Saturday, September 27 (Senior Center)
1.2 mile race (ages 10-14) 9:00 a.m.
Half Mile (ages 8 and 9) 9:30 a.m.
Half Mile (ages 6 and 7) 10:00 a.m.
100 meter dash (ages 5 and under) 10:30 a.m.
Sunday, September 28 (Fleet Boston Pavilion)
3-mile walk (all ages) 10:00 a.m.
5-mile race (all ages) 10:00 a.m.
Awards Ceremony 12 Noon
The 2002 Champions
Uta Pippig and Paul Mwangi were the winners in 2002. Pippig glided around the loop in 27:44, and Mwangi loped through five in 24:38. Pippig will defend her 2002 crown; she is capable of great things, as we all know. Pippig was the darling of Boston after three consecutive wins and the course record in the BAA Boston Marathon. She was definitely the darling of South Boston at last year's Ollie Road Race. She and Bill Rodgers signed hundreds of autographs for everyone on every imaginable surface.
Bill Rodgers, who still holds several American records, won the 50-59 senior division in 28:33. He is certainly capable of age group records, and will be the guy to beat in his division. Rodgers continues to inspire runners of all ages. He has been involved in children's running programs throughout the country, including the phenomenally successful Fitness University for Kids in New Hampshire where he has shared the duties of Dean of Fitness with long-time friend and marathon legend Joan Benoit Samuelson.
Mwangi, who trains in Ossining, New York, has not yet committed. He recently won the Bill Luti Five Mile in Concord, New Hampshire in a course record 23:52, his third consecutive win and third consecutive record. He was the two-time defending champion in New England's third largest race, the Cigna Corporate 5K, where he ran 14:03 for third behind two countrymen. It's a good bet that several other world class runners will compete in South Boston as well.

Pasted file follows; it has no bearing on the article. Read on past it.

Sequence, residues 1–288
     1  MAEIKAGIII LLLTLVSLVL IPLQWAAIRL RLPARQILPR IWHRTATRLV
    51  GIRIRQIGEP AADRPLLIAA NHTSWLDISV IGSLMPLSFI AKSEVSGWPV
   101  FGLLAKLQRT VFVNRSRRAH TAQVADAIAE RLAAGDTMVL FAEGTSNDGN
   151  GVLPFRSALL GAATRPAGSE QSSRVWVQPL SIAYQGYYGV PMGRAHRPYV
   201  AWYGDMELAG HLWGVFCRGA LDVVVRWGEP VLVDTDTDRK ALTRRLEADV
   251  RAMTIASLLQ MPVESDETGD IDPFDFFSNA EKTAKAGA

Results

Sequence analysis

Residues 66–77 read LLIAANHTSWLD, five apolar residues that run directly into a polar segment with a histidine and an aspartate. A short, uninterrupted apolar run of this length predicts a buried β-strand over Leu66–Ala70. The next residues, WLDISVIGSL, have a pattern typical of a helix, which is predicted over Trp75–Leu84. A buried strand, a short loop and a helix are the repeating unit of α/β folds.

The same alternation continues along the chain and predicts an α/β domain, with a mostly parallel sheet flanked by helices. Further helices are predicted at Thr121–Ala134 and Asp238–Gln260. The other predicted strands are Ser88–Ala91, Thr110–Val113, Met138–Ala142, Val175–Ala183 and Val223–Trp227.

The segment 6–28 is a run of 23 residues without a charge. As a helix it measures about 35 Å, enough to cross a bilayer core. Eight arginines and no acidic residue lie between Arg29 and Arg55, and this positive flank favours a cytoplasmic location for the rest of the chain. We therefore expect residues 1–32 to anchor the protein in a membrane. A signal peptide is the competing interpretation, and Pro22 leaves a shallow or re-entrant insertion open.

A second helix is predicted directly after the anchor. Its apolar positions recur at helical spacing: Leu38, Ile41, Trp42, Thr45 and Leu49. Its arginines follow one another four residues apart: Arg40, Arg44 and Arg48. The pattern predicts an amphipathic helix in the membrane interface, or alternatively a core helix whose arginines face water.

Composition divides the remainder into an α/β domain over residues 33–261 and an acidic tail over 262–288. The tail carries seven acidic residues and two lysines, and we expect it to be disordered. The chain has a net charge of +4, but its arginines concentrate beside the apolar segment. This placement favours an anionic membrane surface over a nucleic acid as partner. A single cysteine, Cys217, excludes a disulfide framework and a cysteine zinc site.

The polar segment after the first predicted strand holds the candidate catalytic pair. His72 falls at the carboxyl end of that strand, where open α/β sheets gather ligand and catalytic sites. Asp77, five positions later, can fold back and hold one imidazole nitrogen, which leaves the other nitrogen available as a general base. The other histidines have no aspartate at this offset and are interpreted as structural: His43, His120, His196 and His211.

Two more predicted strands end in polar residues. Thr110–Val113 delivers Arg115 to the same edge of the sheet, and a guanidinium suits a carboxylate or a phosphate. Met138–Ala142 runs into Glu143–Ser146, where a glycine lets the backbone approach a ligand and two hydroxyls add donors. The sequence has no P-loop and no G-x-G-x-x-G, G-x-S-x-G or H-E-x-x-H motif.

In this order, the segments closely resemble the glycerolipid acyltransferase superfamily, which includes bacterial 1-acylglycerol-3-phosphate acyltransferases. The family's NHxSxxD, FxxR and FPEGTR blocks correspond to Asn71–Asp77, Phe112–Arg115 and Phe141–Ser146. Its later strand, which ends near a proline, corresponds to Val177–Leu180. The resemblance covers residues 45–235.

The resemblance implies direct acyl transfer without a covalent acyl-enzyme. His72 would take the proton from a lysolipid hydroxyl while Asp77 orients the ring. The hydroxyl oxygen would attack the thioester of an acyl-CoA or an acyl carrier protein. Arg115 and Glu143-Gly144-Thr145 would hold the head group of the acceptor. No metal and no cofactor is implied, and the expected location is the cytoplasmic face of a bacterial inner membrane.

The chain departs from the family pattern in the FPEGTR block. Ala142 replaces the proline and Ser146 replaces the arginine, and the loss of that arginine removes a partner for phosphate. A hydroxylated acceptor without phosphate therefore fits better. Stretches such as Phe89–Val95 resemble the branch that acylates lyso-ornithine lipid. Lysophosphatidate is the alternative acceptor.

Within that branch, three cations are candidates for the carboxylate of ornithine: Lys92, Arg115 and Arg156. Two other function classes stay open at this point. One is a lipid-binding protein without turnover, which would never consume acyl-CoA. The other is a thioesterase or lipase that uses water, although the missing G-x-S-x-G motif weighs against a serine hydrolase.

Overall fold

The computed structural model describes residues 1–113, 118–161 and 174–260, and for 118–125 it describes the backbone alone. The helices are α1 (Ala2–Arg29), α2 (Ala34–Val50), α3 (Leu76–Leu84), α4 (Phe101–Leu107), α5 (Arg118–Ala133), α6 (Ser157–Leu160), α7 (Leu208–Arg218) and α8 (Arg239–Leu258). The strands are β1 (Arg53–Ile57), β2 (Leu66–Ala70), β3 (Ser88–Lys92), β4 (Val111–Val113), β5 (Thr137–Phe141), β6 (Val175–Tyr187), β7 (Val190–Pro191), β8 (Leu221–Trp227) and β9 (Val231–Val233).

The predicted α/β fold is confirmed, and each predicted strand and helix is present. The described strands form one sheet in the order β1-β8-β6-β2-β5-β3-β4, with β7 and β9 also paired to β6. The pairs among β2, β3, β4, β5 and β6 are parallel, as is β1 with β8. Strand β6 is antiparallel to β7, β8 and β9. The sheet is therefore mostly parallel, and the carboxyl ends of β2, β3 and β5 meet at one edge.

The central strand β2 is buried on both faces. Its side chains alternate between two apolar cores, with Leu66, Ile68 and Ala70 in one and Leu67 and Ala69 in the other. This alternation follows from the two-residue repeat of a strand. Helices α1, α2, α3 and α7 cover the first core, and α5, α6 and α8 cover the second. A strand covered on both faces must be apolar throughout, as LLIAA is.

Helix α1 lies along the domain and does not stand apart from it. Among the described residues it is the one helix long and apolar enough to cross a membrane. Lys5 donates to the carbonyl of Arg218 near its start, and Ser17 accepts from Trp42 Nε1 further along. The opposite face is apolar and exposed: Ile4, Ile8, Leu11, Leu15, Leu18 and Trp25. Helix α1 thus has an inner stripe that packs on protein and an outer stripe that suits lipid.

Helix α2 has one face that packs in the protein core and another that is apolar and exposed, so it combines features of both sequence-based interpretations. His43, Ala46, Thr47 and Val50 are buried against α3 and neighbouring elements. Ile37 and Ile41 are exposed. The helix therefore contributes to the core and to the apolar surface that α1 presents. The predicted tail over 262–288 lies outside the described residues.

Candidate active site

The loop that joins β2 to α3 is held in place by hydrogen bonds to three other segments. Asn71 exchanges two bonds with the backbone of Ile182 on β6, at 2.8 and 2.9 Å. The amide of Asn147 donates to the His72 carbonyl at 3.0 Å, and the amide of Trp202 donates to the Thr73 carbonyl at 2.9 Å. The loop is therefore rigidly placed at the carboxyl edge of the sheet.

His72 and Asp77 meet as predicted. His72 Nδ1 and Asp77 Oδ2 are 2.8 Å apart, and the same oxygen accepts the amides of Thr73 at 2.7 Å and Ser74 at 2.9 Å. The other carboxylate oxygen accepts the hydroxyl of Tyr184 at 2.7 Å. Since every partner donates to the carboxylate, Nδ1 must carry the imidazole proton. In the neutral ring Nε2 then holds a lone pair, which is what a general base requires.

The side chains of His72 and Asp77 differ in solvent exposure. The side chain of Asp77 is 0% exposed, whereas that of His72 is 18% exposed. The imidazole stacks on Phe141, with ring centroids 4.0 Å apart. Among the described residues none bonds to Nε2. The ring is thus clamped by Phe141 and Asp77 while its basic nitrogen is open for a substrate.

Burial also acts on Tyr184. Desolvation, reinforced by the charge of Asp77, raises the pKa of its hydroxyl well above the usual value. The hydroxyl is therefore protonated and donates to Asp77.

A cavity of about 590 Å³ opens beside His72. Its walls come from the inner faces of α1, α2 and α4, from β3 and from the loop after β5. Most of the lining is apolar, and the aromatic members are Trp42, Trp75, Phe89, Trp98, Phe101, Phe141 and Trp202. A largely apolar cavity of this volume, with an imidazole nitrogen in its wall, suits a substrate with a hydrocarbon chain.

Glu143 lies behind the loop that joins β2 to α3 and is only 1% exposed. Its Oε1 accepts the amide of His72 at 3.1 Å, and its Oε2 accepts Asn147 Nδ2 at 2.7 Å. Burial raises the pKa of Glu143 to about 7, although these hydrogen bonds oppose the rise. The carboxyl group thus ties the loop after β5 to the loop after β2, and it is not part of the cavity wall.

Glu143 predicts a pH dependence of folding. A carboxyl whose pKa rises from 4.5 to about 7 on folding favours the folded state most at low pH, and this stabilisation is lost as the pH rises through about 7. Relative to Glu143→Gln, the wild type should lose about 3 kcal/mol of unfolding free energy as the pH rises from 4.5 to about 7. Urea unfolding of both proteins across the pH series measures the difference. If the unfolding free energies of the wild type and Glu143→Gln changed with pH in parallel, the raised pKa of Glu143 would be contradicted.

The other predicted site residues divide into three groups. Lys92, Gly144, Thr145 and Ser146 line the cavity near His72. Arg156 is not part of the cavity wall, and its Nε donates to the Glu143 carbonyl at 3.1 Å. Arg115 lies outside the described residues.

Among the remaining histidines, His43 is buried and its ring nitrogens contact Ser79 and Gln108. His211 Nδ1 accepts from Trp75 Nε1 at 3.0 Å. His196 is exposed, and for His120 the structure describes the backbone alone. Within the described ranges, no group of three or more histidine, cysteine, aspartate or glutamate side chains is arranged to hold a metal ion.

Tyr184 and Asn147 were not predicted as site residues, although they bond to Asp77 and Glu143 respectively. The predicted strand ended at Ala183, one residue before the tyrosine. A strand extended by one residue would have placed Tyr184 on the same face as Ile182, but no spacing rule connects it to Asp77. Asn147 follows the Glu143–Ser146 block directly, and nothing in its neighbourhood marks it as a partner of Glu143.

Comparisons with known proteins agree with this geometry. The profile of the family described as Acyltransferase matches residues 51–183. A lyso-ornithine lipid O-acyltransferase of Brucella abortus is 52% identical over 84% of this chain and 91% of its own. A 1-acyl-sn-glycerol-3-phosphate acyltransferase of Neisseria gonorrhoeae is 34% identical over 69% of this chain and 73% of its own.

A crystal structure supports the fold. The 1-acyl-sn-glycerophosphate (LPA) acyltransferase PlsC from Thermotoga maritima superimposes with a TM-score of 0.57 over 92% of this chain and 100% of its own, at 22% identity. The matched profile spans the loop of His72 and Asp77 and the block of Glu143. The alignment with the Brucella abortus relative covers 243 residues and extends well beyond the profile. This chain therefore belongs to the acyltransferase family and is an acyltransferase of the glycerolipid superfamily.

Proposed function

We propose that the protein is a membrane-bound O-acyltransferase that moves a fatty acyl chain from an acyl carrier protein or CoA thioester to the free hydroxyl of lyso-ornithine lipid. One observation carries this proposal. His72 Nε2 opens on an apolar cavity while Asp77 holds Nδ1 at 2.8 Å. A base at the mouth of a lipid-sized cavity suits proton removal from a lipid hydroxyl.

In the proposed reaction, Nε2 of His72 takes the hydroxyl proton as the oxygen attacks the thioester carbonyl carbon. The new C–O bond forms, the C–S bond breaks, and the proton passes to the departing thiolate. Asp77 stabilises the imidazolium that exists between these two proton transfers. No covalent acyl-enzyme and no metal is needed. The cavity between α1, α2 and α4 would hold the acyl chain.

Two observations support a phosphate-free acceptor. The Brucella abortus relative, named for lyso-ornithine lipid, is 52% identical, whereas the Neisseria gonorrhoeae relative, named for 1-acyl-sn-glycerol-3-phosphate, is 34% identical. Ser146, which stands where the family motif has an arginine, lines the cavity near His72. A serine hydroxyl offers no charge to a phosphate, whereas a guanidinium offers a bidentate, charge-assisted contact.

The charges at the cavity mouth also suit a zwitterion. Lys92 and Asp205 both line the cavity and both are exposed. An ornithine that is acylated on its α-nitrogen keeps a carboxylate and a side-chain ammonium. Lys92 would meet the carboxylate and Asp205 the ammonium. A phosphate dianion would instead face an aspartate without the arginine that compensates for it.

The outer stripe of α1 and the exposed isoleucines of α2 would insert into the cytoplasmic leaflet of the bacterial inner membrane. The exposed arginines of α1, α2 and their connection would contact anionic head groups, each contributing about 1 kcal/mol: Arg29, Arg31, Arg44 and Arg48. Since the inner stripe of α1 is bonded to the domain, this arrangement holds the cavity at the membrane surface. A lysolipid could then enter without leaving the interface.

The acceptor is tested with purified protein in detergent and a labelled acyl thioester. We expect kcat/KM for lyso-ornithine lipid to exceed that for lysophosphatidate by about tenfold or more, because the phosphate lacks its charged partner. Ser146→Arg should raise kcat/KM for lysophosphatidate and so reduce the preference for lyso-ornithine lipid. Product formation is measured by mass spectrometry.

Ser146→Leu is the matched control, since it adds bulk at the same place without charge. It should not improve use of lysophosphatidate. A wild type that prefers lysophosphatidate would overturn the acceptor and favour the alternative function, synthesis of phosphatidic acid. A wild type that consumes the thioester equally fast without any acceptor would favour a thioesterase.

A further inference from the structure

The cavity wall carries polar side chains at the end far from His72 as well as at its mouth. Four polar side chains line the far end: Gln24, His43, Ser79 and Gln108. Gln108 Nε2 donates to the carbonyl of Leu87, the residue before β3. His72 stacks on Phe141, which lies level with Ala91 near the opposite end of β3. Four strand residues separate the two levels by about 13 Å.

The Ollie Road Race, the McCourt Classic, began as a very local affair, a contest for young men and boys. It grew slowly in the early years, and remained a local gem, a local "secret". It was an annual event that became a real happening in the neighborhood in the 1940's 50's, and 60's. Neighborhood support was always strong, but few outsiders came. However, in recent years growth has been explosive. The 2002 season saw the introduction of the two-day program.
As with many races, the Ollie Road Race, the McCourt Classic, experienced growth as a result of the running boom. Soon thereafter it became a mainstay for fund raising for the South Boston Neighborhood House. The rapid growth in the last few years has been good for South Boston and especially beneficial to the South Boston Neighborhood House.
Race Director Bryan Van Dorpe and his committee came to the conclusion that if they were going to go to all the trouble to administer a road race in support of Neighborhood House, it might as well be a highly successful one from both a competitive and fundraising standpoint. And so it is. Much of the success has been made possible through the support of the McCourt Company, a South Boston neighbor who began participation and support in the 1990's and has now made a lifetime commitment to the race, as well as the South Boston Neighborhood House itself.
About the South Boston Neighborhood House
The South Boston Neighborhood House serves many needs, and truly is a "neighborhood house". It is an agency that is dedicated to improving the quality of life for all families. Founded in 1901, it faces head on the challenges of today's society and the pressures on families.
The South Boston Neighborhood House builds bridges so that all families in all South Boston neighborhoods, of all income levels, can enhance their lives and learn from each other. The mission: To support family and neighborhood life in South Boston. A sampling of the programs: early books family reading program; volunteer coordination services; child care for preschool and school age children; adolescent programs; technology education; summer day camps; family services; a senior center.. Learn more about it at www.sbnh.org.
The Ollie Road Race is much more than a five-mile race, more than the kids' runs, and more than the 3-mile fitness walk. It is an exercise for the heart muscles as well as to warm the heart and soul. All participants will have the satisfaction of supporting a truly worthy cause; supporting a committed agency and staff while running well. Race proceeds support the South Boston Neighborhood House. Join up for the race, and stay for the party. Come to the neighborhood and enjoy the tour, the view, and the traditions of Boston. It will be a world-class experience.